5. Frequency Hopping Spread Spectrum Systems. We will allow frequency hopping spread spectrum systems to use as few as fifteen hopping channels with bandwidths up to 5 MHz and no minimum band occupancy requirements, provided output power is reduced to 125 mW. This modification of our regulations for frequency hopping systems will provide greater flexibility without significantly increasing the risk of interference to other users. In the First Report and Order, 66 FR 57557, September 25, 2000, in this proceeding, we determined that frequency hopping systems with bandwidths between 1 MHz and 5 MHz may operate in the 2.4 GHz band with a minimum of 15 hopping channels and 125 mW output power with minimal interference potential. Nothing in the record of this proceeding demonstrates that frequency hopping systems with bandwidths of 1 MHz or less cannot also operate effectively with a minimum of fifteen hopping channels with a similar power reduction. The reduction of maximum peak power from 1 Watt to 125 mW will offset any increased potential for interference caused by use of the reduced hopset, regardless of channel bandwidth. We find it unnecessary to require frequency hopping systems to occupy a minimum percentage of the 2.4 GHz band. Our primary concern for the operation of devices in the 2.4 GHz band is interference avoidance. Although a minimum bandwidth occupancy requirement may, in some cases, reduce the interference potential of frequency hopping systems, it is not the only method by which the systems can efficiently share the band. Indeed, such a requirement may actually negate the possibility for system designers to implement more efficient spectrum sharing techniques as they see fit. The simple, unambiguous rules we are adopting in this Second Report and Order will allow manufacturers the freedom to design an array of frequency hopping systems that effectively share the 2.4 GHz band.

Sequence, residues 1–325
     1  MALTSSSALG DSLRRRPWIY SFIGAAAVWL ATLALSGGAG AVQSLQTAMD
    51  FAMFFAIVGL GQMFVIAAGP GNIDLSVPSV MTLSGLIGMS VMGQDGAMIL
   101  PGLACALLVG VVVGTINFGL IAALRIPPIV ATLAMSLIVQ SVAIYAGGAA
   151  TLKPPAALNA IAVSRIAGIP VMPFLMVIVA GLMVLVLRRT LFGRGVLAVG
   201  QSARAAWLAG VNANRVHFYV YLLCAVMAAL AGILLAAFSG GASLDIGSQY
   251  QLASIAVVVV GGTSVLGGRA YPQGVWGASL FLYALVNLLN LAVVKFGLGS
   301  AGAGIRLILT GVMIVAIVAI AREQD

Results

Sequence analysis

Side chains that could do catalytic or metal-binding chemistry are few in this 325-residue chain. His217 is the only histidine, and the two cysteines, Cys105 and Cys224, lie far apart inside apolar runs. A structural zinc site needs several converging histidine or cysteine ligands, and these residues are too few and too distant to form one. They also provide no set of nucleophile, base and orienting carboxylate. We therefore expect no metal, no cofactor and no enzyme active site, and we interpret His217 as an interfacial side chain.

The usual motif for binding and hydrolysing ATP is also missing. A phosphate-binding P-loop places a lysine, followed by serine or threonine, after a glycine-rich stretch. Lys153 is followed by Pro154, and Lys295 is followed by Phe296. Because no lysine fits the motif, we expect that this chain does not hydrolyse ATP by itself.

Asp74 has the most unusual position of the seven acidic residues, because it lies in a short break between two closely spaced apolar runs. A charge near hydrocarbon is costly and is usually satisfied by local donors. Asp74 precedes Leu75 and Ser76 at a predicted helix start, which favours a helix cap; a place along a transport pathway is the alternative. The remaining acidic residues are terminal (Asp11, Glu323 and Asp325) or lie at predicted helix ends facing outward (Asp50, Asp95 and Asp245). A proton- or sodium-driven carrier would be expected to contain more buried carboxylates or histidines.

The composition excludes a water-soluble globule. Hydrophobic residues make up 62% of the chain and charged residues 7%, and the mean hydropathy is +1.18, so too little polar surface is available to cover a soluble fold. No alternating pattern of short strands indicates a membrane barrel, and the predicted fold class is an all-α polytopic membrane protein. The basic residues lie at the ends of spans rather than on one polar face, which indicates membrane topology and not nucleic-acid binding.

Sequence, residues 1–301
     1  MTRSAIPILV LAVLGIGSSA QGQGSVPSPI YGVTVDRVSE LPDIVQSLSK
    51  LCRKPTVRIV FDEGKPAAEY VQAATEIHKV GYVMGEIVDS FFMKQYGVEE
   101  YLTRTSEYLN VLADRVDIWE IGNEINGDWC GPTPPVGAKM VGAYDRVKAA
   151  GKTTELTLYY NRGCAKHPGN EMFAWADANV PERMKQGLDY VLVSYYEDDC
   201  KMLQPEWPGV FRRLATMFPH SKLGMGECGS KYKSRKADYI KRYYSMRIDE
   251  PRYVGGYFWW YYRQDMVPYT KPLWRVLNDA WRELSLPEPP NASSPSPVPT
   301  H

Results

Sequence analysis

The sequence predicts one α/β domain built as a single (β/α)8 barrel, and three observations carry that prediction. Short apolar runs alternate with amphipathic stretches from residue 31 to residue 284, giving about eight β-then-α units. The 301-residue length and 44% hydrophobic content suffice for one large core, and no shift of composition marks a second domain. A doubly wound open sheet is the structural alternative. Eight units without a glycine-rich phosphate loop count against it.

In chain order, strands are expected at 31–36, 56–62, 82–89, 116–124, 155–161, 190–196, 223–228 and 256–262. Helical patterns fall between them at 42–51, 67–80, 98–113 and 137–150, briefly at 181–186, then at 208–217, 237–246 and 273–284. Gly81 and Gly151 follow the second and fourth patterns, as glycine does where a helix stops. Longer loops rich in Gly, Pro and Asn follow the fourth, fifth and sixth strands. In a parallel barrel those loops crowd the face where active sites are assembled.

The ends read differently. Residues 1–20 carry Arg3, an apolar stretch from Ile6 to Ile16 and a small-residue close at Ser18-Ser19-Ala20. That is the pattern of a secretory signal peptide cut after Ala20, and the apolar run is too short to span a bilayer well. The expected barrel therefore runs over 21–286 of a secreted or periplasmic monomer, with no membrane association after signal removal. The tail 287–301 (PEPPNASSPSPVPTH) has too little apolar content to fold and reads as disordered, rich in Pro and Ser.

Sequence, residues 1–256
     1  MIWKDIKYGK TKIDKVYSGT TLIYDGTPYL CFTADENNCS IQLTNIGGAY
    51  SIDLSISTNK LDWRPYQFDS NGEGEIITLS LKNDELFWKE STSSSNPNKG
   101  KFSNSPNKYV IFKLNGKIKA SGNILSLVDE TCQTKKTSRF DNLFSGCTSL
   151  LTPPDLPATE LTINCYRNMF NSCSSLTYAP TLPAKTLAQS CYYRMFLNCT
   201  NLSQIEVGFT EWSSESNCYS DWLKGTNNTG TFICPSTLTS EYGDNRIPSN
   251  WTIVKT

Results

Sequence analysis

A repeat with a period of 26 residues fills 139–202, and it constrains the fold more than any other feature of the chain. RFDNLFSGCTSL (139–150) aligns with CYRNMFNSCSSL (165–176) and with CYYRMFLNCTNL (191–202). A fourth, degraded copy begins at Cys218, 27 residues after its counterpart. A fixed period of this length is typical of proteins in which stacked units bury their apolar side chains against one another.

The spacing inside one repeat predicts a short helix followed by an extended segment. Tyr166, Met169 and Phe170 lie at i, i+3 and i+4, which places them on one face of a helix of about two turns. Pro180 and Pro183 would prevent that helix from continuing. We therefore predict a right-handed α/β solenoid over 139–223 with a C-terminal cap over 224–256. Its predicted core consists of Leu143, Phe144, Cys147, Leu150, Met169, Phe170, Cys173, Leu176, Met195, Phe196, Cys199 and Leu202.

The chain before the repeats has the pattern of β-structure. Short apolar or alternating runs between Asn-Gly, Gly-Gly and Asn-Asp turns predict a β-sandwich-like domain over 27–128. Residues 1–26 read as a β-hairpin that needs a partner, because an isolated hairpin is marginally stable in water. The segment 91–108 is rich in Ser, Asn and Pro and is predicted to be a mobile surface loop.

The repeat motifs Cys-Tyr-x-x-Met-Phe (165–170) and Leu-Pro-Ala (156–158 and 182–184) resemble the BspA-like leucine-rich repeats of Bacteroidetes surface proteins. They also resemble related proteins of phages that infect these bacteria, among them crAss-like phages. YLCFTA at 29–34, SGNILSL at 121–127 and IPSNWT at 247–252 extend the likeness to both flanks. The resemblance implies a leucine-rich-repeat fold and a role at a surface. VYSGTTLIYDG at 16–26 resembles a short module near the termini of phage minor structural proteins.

6. We will not require frequency hopping systems that use a reduced hopset to employ adaptive hopping techniques. The power reduction we are adopting for these devices is sufficient to mitigate any possible increase in interference potential due to the smaller number of hopping channels. Furthermore, operation pursuant to the modified rules will not pose a greater interference threat than systems authorized under our former rules. We note that § 15.247(h) of the rules permits the use of intelligent or adaptive hopping techniques in order to avoid transmitting on occupied frequencies. We believe that § 15.247(h) provides sufficient flexibility for manufacturers to design products which incorporate adaptive hopping in circumstances where it would be beneficial. The amended rules would permit manufacturers to build products that include adaptive techniques such as a product that includes both a digital and a frequency hopping transmitter, where the frequency hopping transmitter avoids or suppresses its transmissions when the digital transmitter is operating.